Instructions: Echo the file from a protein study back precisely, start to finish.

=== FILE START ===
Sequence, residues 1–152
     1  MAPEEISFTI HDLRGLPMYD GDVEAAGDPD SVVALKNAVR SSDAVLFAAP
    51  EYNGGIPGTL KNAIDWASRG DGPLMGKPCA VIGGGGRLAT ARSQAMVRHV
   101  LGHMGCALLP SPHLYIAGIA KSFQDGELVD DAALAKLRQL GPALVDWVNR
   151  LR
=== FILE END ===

Sequence, residues 1–152
     1  MAPEEISFTI HDLRGLPMYD GDVEAAGDPD SVVALKNAVR SSDAVLFAAP
    51  EYNGGIPGTL KNAIDWASRG DGPLMGKPCA VIGGGGRLAT ARSQAMVRHV
   101  LGHMGCALLP SPHLYIAGIA KSFQDGELVD DAALAKLRQL GPALVDWVNR
   151  LR